E-Reader Guide: Kindle, Nook, iPad and more

I have memories from when I was younger every Saturday morning being taken into town so that my mother could change her library book. Without fail we would be in there, myself sat in the children’s section pouring over the works of Roald Dahl while my mother sourced her next murder mystery.

As with most of us books have played such a large part in our lives, right through school and into adulthood. But with technology increasing at an almost abnormal rate are we starting to see the beginning of the end for our paper enveloped companions?

With the introduction of e-Readers from the likes of Amazon’s Kindle, Barnes & Noble with it’s Nook and of course the ever present iPad from Apple, are places like libraries going to become things of the past. This question has been pondered by Michael Hiltzik of the L.A.Times.

Out of the three the iPad stands out as more of an entertainment device, with it’s huge range of applications, web access and ability to play movies and music, it doesn’t really lend itself fully to the concept of a reading device. Don’t get me wrong it copes very well but as Hiltzik mentions, the distraction to divert from your novel can be all to easy.

Bringing the Nook into play and we find some similar issues that are suffered by the iPad. While cheaper and lighter than the Apple device, the screens back-lit display can be too bright for a long session. Barnes & Noble recognise this by highlighting the suitability for children’s books, where pictures and color have more impact.

So that just leaves the Kindle from Amazon, possibly the most dedicated of the e-readers. With the matte black-and-white E Ink display, the letters float on top with sharpness that can make reading easy on the eyes. You wont be distracted by 101 apps or the temptation to carry on watching the latest downloaded film title. Kindle promotes itself to dedicated readers and although has it’s little niggles, with the advances in E Ink displays and e-books more and more will be switching to e-readers.

Let us know if you have been converted into the electronic age on books, or are you still an avid page turner?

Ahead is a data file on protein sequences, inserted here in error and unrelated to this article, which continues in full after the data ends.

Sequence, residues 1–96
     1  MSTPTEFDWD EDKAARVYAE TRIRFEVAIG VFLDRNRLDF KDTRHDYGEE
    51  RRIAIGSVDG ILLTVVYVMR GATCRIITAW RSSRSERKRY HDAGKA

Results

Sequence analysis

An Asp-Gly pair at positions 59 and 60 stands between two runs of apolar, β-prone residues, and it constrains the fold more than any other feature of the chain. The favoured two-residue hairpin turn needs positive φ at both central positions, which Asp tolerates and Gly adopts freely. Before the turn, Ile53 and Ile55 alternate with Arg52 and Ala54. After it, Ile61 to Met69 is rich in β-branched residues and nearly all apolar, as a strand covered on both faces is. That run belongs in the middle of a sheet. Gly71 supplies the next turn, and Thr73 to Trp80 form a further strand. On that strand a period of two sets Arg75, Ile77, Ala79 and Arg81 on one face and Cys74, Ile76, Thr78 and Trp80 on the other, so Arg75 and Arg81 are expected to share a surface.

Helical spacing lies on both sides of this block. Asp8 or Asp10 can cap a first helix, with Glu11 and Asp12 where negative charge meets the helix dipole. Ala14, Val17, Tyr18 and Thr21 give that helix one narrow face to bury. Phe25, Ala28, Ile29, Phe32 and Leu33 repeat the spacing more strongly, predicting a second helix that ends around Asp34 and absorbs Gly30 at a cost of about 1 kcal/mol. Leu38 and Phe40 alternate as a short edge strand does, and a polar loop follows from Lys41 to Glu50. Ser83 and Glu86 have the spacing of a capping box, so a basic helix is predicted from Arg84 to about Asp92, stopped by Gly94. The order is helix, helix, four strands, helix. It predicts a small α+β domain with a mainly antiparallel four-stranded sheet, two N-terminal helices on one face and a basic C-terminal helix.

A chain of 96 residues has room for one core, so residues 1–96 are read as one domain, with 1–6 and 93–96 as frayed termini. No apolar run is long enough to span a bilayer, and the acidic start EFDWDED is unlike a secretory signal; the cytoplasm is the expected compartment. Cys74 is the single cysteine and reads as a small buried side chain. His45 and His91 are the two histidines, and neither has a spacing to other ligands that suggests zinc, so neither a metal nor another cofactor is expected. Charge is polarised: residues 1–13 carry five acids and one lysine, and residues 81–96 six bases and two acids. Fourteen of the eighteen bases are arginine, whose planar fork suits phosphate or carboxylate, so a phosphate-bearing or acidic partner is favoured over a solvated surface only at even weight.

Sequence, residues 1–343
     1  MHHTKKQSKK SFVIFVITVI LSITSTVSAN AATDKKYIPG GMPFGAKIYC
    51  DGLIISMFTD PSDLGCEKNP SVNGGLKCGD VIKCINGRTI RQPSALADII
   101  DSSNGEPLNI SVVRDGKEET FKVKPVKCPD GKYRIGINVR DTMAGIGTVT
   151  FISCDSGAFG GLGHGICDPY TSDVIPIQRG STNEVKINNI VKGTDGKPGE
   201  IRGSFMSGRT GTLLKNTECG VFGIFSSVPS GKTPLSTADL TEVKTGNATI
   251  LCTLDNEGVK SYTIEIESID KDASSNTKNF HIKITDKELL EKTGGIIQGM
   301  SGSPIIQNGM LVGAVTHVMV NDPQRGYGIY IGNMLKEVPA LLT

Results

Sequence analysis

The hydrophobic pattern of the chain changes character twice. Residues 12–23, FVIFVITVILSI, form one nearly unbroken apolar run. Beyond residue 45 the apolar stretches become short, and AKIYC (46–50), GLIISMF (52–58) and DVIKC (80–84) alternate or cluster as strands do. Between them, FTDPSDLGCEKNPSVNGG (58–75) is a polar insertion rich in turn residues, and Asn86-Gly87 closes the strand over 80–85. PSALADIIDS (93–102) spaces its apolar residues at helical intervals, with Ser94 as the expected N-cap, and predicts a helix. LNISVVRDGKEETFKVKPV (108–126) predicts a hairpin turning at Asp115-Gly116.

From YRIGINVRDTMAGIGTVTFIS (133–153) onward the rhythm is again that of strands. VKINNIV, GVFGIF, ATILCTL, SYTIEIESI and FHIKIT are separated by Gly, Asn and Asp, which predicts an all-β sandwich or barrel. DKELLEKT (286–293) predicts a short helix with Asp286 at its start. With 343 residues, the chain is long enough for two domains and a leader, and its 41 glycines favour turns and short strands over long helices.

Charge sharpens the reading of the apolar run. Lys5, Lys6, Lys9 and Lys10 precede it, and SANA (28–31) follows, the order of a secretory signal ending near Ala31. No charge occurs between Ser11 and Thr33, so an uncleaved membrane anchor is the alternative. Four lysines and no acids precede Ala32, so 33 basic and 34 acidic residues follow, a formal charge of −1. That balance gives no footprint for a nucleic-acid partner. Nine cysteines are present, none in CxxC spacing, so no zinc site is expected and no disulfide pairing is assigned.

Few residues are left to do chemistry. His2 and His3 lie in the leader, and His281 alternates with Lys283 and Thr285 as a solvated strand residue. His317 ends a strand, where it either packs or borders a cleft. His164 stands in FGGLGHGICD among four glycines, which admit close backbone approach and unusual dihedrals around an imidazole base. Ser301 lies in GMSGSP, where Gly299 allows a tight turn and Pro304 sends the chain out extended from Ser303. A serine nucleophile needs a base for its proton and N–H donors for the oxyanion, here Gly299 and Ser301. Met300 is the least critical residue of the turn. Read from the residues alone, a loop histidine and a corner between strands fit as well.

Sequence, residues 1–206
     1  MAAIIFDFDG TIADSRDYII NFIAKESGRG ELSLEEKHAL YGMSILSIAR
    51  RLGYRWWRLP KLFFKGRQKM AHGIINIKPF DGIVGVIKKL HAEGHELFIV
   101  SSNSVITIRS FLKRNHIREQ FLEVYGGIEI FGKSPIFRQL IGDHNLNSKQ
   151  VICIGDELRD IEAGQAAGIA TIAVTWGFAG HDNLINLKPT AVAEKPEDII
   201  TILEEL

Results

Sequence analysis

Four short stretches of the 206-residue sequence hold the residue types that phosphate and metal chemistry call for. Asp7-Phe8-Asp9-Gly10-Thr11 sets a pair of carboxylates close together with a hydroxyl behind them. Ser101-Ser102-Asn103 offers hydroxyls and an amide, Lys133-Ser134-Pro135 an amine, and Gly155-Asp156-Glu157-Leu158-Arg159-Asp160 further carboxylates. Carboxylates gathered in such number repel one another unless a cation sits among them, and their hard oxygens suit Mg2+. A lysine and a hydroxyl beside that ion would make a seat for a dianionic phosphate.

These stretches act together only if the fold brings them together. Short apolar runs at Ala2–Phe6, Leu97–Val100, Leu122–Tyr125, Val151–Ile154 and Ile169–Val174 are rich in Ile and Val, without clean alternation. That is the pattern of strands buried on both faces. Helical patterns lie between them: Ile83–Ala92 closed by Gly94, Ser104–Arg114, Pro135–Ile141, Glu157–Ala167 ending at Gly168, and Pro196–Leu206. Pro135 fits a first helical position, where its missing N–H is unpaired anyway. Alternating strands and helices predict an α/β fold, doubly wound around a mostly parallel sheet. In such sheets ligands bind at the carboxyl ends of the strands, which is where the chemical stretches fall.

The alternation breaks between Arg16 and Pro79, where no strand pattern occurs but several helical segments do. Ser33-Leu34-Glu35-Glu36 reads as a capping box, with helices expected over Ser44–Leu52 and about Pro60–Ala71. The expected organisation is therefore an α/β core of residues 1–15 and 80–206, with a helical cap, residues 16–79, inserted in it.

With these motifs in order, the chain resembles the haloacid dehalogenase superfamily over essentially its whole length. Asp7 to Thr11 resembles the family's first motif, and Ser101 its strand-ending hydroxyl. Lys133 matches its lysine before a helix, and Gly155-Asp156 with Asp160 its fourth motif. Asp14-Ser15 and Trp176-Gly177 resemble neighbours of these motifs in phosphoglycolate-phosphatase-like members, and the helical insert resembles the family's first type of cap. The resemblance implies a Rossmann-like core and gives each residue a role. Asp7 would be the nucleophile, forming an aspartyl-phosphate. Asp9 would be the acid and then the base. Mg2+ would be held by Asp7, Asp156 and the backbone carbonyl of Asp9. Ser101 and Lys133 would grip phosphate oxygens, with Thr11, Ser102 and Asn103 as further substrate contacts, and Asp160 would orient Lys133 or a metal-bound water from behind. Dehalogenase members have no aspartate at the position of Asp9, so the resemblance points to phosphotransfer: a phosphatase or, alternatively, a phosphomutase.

• http://www.ReadAloudDad.com Read Aloud Dad

    I'm not yet a convert, but am following the market to check when will good read-aloud options be available for reading to kids. Nook Color seems to be a new thing, but I'm waiting to see how the children's book shop plays out.

    Anyhow, for the time being – I'm still reading my hardcover/paperback picture books!

    Read Aloud Dad

  • http://www.facebook.com/TalkAngling Simon Young

    Yes, was looking into these for a potential christmas pressie for the wife as she always has a book in her bag. Can't decide though as I think the trouble is that if I buy one it may be obsolete by the middle of next year! Would also like the read aloud function for the kids as a bonus.

    Simon
    http :www.talkangling.co.uk

  • Gary

    Why would I buy the more expensive Kindle. What do I get for the additional cost? I am buying for a teen grandson.

  • Brian

    I love the Kindle. I've had one for over a year now and I take it wherever I go. I'm always reading from it. The screen technology means its just like reading a real book. I think the thing Ive found the most interesting about myself and my time with the Kindle is the new types of books I'm reading. Kindle has such an amazing amount of work that is free to download that I often find myself delving into new genres or topics that I probably would have no interest reading if not for the fact that it is free, and the ease of getting it.

  • joinin

    Nook wins. It allows to lend books for 2 weeks to friends or to your other devices that run B&N app. Barnes & Noble allows (when you walk in with the Nook to B&N store) to read any available eBook for free while in the store via free provided in the store Wi-Fi. With Nook, while in BN store you get exclusive articles from top authors, and great offers including cafe treats and unique deals.
    – Nook (unlike Kindle) can be used for library ebooks.
    – Nook (unlike Kindle) can be used for renting text-ebooks.

  • joinin

    – Nook Color is better as a color e-Reader than Kindle simply because it has color and Kindle is black and white. Content that greatly benefits from color – such as kids books and magazines – looks much better and sharper on Nook Color's screen. Nook Color is better as an e-Reader in general than iPad. It has a new generation screen which is anti-glare coated and is better performing in sunlight than iPad's. Also, as it's smaller in size than iPad, the text appears sharper on Nook's screen. Also it has 12,000 (more soon) kids books that are built as a game with feedback.
    Overall, Nook Color is more than e-Reader as you can also watch video and use Android applications on it. It's a hybrid device, much more than just an e-Reader but not a full tablet as it doesn't have a camera. If all you want is to read novels, Kindle (or the original e-Ink Nook) might be better for you. If you want something more from your device at half of the price of iPad or Galaxy tab, then Nook Color is your best bet.